Aleppo is the mass murder we know everything about – and will do nothing to stop

Civilians are reporting and dying in front of the world's eyes. 

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Bana Alabed is seven, and she likes Harry Potter. She has also gone to bed every night for the past few months wondering if she will wake up alive. Five days ago, her family fled her neighbourhood as pro-Assad forces moved in. The home she moved to was hit by a rocket. On Monday her mother, Fatemah, tweeted: “I am very sad no one is helping us in this world, no one is evacuating me & my daughter. Goodbye.”

The Assad regime would like you to believe that everyone left in eastern Aleppo is a terrorist. But we know enough about what is happening in Aleppo to act. We know, not just from the news reports, and the drone footage, and the human rights briefings, but from the daily trickle of reports from citizen reporters under siege.

Even accounting for rebel counter-propaganda, we have enough video footage and individual accounts to know that the bombing is indiscriminate, that it destroys whole apartment blocks from the air, and kills medics attending to the wounded. 

Journalists like Waad al-Kateab, who made award-winning films for Channel 4, and Salah al-Ashkar, have been reporting for months. Thanks to the wonders of the internet, it is possible for journalists sitting in centrally-heated offices in London and New York to ask their counterparts under siege questions, and get an answer in days, or even hours.

In October, the photographer Thaer Mohammad wrote to me describing civilians trapped under rubble, air strikes on hospitals and a lack of medicine, food or baby milk. “The regime is trying to cut all sources of life in besieged Aleppo,” he wrote. 

The regime would like us to believe that those who stay in eastern Aleppo have chosen death, but that choice may have been taken away from them a long time ago. We know this too.  In his message to me, Mohammad told me the regime arrested him for eight months because he was organising protests and sharing images on social media. 

The Assad regime’s intolerance of free speech does not stop there. The family of Marie Colvin, the Sunday Times foreign correspondent killed in Homs, has accused it of deliberately tracking and targeting her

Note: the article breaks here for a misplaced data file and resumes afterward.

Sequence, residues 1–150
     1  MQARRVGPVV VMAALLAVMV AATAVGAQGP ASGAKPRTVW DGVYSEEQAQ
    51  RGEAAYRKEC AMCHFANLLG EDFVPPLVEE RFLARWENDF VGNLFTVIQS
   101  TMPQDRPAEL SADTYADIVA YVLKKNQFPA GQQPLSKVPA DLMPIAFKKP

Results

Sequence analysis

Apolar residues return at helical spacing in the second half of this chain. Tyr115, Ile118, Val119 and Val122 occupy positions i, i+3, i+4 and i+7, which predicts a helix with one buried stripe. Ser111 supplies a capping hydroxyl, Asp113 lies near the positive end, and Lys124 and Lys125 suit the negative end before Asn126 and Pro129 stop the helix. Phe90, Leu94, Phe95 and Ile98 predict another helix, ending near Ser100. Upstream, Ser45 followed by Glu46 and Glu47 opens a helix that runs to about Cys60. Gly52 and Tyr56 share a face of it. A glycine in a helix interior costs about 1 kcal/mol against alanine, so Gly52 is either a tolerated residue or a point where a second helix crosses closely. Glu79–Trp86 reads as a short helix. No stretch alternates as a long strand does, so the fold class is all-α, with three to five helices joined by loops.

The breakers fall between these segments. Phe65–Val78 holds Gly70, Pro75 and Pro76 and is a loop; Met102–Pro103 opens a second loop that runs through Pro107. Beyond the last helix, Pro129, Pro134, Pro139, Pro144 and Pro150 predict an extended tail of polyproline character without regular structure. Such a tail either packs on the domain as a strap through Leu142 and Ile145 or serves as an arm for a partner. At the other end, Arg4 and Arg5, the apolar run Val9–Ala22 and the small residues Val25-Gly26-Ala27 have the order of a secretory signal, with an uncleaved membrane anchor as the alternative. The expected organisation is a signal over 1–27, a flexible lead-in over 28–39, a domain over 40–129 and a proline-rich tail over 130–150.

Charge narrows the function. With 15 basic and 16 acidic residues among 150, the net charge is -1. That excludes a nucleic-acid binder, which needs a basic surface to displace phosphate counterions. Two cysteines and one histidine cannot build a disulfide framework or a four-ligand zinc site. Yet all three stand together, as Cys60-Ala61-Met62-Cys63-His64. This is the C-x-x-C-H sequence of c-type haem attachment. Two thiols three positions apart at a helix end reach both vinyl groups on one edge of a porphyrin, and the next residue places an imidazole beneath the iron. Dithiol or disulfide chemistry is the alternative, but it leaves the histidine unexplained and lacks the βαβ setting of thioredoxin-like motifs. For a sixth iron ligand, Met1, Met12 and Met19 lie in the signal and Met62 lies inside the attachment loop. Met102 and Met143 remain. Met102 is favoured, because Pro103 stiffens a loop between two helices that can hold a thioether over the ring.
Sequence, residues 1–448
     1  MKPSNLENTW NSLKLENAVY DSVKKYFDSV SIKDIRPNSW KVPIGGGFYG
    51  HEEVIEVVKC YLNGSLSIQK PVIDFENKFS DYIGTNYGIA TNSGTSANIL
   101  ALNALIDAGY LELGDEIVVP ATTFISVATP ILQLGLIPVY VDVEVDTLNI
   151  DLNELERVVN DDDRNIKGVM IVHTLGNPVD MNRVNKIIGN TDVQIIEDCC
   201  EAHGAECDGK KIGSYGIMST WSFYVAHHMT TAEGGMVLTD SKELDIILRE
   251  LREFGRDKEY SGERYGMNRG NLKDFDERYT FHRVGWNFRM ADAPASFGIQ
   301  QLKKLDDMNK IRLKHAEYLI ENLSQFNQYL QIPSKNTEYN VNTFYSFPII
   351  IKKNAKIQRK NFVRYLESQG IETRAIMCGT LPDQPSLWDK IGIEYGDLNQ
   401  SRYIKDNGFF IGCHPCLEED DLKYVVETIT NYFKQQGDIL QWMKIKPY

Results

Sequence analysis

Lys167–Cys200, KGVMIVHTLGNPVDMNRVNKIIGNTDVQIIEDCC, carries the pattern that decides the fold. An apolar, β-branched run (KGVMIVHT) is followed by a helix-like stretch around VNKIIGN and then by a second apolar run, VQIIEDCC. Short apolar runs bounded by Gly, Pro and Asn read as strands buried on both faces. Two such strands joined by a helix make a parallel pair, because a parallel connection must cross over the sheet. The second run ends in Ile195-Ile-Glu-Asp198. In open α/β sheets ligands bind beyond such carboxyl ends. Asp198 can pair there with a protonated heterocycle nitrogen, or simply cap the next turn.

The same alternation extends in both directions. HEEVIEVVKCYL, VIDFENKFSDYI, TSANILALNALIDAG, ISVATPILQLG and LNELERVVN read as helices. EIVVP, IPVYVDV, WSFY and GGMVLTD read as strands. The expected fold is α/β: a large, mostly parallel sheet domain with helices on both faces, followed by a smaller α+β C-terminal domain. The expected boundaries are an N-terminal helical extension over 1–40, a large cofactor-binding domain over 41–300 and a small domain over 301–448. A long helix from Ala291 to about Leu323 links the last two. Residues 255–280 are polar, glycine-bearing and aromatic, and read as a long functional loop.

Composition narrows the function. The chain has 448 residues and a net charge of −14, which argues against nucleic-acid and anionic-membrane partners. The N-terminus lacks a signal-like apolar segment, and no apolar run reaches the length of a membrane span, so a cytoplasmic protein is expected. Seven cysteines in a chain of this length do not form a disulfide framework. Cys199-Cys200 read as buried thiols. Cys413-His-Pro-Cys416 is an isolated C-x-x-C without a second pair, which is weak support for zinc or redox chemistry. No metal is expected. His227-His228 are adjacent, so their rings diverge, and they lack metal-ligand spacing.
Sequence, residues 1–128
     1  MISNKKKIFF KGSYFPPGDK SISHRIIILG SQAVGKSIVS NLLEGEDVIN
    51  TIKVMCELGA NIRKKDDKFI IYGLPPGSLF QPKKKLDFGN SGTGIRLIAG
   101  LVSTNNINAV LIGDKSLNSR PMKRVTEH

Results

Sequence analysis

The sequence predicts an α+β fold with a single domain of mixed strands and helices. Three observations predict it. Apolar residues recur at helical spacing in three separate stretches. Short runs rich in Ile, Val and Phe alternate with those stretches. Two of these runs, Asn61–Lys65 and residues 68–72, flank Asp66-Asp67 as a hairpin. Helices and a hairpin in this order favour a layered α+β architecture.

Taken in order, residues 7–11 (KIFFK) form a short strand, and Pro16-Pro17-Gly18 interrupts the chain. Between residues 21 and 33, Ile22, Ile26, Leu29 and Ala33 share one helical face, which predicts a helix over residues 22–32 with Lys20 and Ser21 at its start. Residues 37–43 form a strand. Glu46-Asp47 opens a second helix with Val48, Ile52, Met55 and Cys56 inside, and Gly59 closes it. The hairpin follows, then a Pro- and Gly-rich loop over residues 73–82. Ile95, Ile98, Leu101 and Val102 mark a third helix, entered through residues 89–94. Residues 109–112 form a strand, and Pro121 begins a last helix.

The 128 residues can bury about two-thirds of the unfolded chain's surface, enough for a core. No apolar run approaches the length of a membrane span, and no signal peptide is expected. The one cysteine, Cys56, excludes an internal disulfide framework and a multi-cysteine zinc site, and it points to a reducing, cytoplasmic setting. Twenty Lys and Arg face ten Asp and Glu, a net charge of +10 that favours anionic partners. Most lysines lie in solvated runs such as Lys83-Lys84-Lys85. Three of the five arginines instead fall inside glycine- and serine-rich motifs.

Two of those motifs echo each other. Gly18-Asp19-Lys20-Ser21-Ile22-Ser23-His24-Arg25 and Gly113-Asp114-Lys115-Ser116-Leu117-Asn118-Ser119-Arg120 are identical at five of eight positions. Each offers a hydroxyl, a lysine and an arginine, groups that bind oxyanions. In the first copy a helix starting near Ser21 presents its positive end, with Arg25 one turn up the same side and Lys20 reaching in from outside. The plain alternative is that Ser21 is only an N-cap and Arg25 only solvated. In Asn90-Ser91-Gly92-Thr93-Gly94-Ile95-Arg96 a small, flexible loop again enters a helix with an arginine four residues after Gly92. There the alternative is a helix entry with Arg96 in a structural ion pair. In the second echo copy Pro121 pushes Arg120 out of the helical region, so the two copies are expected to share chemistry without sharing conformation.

As citizen journalists have created their own outlets, a strange online community of concerned humans has emerged. Alabed’s tweets are retweeted thousands of times by well-wishers. JK Rowling sent her e-books of the complete Harry Potter series. Pro-Assad Twitter trolls have attempted to steal her identity. 

Meanwhile, in the growing Syrian diaspora, stories are shared through outlets like the grassroots radio SouriaLi, and Humans of Syria. Syrians living in exile receive private messages from friends and family. One Syrian refugee in the UK wrote to me to highlight the plight of his family in western, regime-controlled Aleppo, where civilians have had to bear the rebels' counter attack. "I can talk about both sides of the poor Aleppo city and the kind people who lived/are still living there," he wrote. "But I just want to highlight that the main casualties here are civilians."

We live in a world that can read instant messages from a warzone (imagine if Londoners in 1940 were live-tweeting the Blitz). And yet that same world does not seem to have figured out what to do about this information. We know what is happening to these people, and we can guess at the fate that awaits them. 

The inertia of the Twittersphere is repeated on the world stage. Haid Haid, a Syrian columnist and Associate Fellow at Chatham House described the international community’s public condemnations of mass violence as “toothless”. 

The regime, he points out, only responded to Western demands when the US threatened airstrikes. “The lesson learned here is clear,” he said. “Only strong enforcement mechanisms and real pressure could force Assad to change his behaviour.” At the end of the day (and that end is rapidly approaching in Aleppo), the old-fashioned practice of 650 MPs making a judgement call is more influential than thousands of clicktivists. 

Meanwhile, the besieged of eastern Aleppo keep tweeting. A Syrian activist who calls himself Mr Alhamdo tweeted about how he feared for his daughter’s life, but how he couldn’t seek protection in a regime-held area, because “I am speaking out, and that is a crime”. 

One young woman from Georgia, USA replied:  “I’m so sorry we couldn’t stop this.” A mother from England responded: “I understand your call and I wish we could save your daughter.”

Mr Alhamdo ended with what, at time of writing, was his last tweet: “Thanks for everything. We shared many moments. The last tweets were from an emotional father. Farewell.”

Julia Rampen is the digital news editor of the New Statesman (previously editor of The Staggers, The New Statesman's online rolling politics blog). She has also been deputy editor at Mirror Money Online and has worked as a financial journalist for several trade magazines.